William W. Russell
COLUMBIA — William W. Russell of Columbia was a family man, hard worker and poet.
Mr. Russell died Saturday, Nov. 13, 2010. He was 81.
"He loved and was fascinated with the world, the heavens and the natural world," said his daughter, Marianne Marti. "He saw it with a poet's eye."
Mr. Russell was born on Oct. 18, 1929 on a farm northwest of Chilhowee, Mo. to Nelson Leonard Russell and Bertha (Matzenauer) Russell.
In Mr. Russell's early life, he was able to see much of the state of Missouri. In 1935, Mr. Russell's father left farming and took the family to Warrensburg, Mo. for two years to attend college and then to Columbia to receive his bachelor of science in agronomy. From there, the family moved to the Conservation Commission's DuPont Reservation north of Ashburn, in Pike County, Mo. It was there that Mr. Russell finished grade school in Ashburn and graduated from Louisiana High School.
He then attended Washington University in St. Louis on scholarship, graduating in 1951 with a degree in chemical engineering. Mr. Russell spent the following year in France on a Rotary International Fellowship and enrolled at Paris Sorbonne University.
After returning to St. Louis in the fall of 1952, Mr. Russell was employed by Monsanto Company and married Mary Faith Pellet the following year.
Soon thereafter, he was drafted by the U.S. Army to serve in the Korean War and was stationed at the Army Chemical Center in Edgewood, Md., for two years until he was able to resume work with Monsanto in 1955.
Mr. Russell worked with the company for 34 years, including five consecutive years in northern France.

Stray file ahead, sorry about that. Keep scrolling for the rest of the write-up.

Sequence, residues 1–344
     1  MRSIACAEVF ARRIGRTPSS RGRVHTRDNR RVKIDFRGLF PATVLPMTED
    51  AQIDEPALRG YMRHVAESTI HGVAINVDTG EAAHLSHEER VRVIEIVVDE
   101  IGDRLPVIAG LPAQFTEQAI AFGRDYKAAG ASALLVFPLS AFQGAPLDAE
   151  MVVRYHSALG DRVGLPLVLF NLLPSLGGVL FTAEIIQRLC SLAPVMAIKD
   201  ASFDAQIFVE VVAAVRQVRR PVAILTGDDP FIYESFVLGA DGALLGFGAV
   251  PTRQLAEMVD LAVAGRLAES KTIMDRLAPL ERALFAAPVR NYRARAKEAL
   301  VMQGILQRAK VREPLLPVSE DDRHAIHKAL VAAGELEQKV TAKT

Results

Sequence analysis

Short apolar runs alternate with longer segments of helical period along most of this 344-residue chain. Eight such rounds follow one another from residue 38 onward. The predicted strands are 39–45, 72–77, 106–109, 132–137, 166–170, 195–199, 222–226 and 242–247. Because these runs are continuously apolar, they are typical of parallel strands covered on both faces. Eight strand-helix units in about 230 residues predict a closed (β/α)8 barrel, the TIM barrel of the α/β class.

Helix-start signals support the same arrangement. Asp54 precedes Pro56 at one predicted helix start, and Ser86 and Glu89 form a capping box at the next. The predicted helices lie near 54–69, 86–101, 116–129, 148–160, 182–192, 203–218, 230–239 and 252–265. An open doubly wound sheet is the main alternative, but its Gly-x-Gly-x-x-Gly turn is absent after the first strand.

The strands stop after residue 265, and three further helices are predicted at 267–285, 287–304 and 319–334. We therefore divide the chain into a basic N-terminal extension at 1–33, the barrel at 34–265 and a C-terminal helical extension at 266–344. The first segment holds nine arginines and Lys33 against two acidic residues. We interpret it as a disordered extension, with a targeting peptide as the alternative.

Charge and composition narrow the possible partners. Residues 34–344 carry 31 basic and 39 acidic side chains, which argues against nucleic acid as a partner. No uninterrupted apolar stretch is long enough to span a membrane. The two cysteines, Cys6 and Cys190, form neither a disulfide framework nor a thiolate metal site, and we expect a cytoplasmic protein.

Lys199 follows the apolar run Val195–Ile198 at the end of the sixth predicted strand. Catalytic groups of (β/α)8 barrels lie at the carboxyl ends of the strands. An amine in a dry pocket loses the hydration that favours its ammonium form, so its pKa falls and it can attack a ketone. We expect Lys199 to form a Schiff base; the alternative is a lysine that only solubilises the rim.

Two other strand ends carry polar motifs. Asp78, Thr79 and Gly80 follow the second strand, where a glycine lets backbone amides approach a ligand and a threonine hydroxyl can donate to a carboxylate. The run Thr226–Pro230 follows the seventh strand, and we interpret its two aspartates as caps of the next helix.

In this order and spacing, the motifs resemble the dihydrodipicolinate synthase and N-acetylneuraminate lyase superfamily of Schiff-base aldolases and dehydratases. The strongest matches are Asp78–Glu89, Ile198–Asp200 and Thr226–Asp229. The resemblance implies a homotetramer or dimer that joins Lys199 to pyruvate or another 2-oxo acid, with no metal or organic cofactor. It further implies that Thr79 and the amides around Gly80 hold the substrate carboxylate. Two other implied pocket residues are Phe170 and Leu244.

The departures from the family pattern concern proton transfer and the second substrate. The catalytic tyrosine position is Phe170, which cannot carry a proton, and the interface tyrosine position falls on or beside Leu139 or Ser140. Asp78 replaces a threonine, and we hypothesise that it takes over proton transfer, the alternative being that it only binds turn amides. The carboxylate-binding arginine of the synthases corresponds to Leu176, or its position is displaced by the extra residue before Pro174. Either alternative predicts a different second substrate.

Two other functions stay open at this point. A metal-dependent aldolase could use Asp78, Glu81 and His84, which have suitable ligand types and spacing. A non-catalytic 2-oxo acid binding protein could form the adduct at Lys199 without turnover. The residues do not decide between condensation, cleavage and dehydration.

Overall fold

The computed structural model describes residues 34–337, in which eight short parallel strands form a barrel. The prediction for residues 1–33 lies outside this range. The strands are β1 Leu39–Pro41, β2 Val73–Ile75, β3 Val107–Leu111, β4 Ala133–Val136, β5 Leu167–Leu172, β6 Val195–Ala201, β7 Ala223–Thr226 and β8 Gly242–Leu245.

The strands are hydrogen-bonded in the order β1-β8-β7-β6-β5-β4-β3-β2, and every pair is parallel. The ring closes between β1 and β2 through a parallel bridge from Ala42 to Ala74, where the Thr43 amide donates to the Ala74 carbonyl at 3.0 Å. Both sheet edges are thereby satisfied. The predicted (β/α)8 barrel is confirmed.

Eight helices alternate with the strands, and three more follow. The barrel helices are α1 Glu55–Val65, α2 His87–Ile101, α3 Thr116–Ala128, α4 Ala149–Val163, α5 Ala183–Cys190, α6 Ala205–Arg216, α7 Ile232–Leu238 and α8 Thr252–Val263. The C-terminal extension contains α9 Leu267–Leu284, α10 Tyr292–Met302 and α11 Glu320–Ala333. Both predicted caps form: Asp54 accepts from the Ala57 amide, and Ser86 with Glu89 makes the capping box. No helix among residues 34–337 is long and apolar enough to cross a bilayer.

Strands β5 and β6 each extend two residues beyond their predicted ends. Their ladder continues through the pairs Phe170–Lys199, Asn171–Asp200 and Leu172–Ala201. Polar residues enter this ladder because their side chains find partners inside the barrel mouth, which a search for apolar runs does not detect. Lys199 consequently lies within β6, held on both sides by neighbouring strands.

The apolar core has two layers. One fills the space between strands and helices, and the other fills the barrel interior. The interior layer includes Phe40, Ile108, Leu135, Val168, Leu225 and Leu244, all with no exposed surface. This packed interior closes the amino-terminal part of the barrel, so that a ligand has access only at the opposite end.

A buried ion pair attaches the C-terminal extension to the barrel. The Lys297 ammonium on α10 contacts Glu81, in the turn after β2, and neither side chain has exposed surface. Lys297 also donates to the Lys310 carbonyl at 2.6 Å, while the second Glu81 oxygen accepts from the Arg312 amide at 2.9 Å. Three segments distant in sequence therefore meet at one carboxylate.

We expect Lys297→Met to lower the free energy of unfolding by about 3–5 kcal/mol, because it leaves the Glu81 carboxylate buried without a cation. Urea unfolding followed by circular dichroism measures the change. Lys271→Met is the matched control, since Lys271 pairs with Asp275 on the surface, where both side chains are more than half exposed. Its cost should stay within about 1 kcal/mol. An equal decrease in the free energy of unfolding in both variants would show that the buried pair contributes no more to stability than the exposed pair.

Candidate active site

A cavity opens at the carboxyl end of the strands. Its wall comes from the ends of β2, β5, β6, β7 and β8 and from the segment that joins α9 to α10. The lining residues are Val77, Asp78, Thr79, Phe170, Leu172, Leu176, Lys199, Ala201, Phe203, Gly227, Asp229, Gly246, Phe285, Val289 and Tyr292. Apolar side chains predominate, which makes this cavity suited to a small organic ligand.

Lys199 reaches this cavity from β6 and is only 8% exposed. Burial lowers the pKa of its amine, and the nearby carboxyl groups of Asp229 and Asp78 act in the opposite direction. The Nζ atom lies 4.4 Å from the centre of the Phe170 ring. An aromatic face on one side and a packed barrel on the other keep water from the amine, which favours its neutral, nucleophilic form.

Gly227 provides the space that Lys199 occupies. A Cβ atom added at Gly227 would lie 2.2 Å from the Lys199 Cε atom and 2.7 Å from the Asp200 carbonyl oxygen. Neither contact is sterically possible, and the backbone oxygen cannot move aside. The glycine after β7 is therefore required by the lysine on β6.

Together, Mr. and Mrs. Russell made a good life for themselves and their children in the various places that Monsanto took them.
Mr. Russell did not stop at Monsanto. At the time of his retirement, there was a shortage of math and science teachers in the St. Louis public school system. In acknowledgment of this shortage, Monsanto offered to cover the cost of retirees to become certified to teach. Mr. Russell, looking for a change and a challenge, became a teacher in general science and physics at University City High School in suburban St. Louis for the next six years following his retirement.
While his career achievements are extensive, family was the most important thing in Mr. Russell's life.
"He was very loving and supportive," said Marti. "He had a really big heart."
Mr. Russell was very proud of his wife and her writing accomplishments, and of their three children: Jeffrey, a physician assistant in Anchorage, Alaska; Sallie, who works as an interpreter in Valencia, Spain; and Marianne who, with her husband Bob Marti, operates Russell-Marti Conservation Services in California, Mo.
Second only to his family, poetry was the closest thing to Mr. Russell's heart.
"It was more than a hobby," said Marti. "He found his real voice in poetry."
Mr. Russell was quite fond of the work of Emily Dickinson.
Mr. Russell's family remembers his talent in just about everything he did, including linguistics.
"He was so good at languages that he actually taught himself to speak Spanish, just out of a book," Marti said.
Mr. Russell's parents had friends in Mexico. There, when he was 14, he hitchhiked across the country using his self-learned Spanish.
Mr. Russell is survived by his wife, Mary Faith; his son, Jeffrey Russell, and two daughters, Sallie Peinado and Marianne Marti; grandchildren Daniel and Sara Peinado, Louise and Francis Marti; and his "unofficial" family, the Grotrians and their son, Justin.
A memorial service will be held at 11 a.m., Saturday at Calvary Episcopal Church.
Memorial contributions may be given to Calvary Episcopal Church in Columbia.
Online condolences may be left at www.parkerfuneralservice.com.